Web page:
Recent Submissions

  • Regenerative tourism and mental health: The clean wave foundation, Costa Rica

    Thornton, Michele; Bhatia, Marty; Silkaitis, Carin (Springer Nature Switzerland, 2024-06-01)
    Rising mental health needs combined with barriers in access to care has individuals seeking new approaches to accessing care and improving their overall sense of well-being. Intentional forms of tourism, particularly nature-based, and regenerative tourism may have a role to play as an opportunity to address this growing need in a way that traditional efforts to address mental health may be lacking. While studies have begun to document the physical health, mental health and perceptions of well-being impacts of nature-based, sustainable or ecotourism they are just beginning to explore this with regards to regenerative tourism. Regenerative tourism, is slightly more nuanced, and is described as “leaving the place behind better than before.” A hallmark of a sound regenerative tourism model, is that it emerges from within the community, and is often tied to a local community organization doing the ongoing work that spearheads the practice. This paper employs grounded theory to proposes a new model linking regenerative tourism to well-being and documents a qualitative study conducted in the Spring of 2023 with a regenerative based organization (The Clean Wave Foundation)—that connects individuals with beach and underwater clean-up events across Costa Rica. Key participants (n = 12) discuss their experiences, personal well-being and community impacts in a semi-structured interview format. Community organizations, economic development agencies, the tourism industry and scholars in marketing and public health will all find benefit in this work.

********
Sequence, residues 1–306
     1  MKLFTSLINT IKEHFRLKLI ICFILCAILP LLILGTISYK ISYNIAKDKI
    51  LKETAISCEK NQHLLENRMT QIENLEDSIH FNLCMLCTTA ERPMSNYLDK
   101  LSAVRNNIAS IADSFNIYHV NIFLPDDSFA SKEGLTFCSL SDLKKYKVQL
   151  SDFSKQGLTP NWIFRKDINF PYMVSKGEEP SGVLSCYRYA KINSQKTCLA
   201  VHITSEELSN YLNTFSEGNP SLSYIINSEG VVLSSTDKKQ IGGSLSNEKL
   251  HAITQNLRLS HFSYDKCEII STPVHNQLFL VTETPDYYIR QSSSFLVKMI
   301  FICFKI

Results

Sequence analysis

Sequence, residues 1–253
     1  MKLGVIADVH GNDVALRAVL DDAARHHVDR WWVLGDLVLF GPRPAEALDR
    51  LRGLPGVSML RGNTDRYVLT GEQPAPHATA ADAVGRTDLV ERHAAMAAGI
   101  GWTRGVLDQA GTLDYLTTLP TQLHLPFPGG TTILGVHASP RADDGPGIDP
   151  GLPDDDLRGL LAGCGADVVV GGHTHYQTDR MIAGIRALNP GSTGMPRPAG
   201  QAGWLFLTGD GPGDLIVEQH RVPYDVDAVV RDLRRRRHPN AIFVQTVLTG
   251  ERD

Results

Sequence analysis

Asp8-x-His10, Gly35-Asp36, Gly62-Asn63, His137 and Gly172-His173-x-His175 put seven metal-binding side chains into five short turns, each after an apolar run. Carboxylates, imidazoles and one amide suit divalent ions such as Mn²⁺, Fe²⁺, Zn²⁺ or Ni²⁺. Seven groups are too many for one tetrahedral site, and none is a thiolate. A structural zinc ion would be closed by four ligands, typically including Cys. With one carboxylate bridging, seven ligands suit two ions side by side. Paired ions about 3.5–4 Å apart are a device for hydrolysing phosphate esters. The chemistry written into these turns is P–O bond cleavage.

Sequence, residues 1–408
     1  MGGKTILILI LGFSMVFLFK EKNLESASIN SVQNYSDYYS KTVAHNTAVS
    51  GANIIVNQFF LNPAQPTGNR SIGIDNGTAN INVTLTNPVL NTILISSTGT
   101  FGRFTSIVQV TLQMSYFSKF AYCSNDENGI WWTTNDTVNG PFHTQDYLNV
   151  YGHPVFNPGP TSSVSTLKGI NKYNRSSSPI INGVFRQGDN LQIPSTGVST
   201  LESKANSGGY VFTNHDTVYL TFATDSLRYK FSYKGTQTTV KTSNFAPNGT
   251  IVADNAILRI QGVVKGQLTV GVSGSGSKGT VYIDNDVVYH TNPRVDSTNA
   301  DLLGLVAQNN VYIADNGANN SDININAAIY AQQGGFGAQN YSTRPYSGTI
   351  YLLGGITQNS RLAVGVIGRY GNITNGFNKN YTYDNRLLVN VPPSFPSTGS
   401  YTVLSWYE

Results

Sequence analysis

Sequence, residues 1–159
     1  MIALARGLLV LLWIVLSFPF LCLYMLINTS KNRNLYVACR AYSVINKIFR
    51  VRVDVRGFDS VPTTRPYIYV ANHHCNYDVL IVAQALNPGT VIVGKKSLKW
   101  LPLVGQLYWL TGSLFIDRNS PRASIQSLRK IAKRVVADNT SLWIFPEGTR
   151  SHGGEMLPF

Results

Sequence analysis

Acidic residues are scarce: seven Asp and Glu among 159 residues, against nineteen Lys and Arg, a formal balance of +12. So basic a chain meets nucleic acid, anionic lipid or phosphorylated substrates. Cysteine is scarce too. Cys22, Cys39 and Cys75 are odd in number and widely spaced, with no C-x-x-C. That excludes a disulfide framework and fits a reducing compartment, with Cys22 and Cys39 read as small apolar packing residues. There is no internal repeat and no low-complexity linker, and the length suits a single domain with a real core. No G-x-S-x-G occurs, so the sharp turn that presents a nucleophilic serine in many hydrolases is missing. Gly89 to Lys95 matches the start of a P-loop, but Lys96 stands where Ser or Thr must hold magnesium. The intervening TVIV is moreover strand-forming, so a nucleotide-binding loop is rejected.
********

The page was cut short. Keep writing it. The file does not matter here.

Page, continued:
• The need for embodied dramaturgy: The Laramie Project and Generation Z

    Silkaitis, Carin; Kriegler-Wenk, Zoe Rose (Athens Institute for Education and Research, 2023-07)
    20 years after the murder of Matthew Shepard, I introduced The Laramie Project to a group of undergraduate students. Observing cast members' first experience of the characters, a troubling lack of empathy to the complexity of this tragic story became apparent. Of primary concern was that decades of progress made towards LGBTQIA equality stripped this story of its relevance. Geographic and generational bias is natural and expected but ultimately requires a new dramaturgical approach. We offer reflections on the methodology developed to address this gap: an embodied dramaturgical approach to our pre-production work culminating in a full cast and crew research trip to Laramie, Wyoming. Through photos, video, soundscapes and observations, we illuminate the impacts of using a place-based, psycho-somatic sensory approach to dramaturgical research. This experience created physical and emotional transformation in the participants that can inform future dramaturgical work particularly for stories that are deeply unknown and unfamiliar to the cast and crew. Together, we found that stories like “The Laramie Project” continue to be relevant. Although progress has been great, the threat of anti-LGBTQIA violence is still very real for many people. Employing an embodied approach can enhance storytelling and empower further progress with the benefit of today’s experience.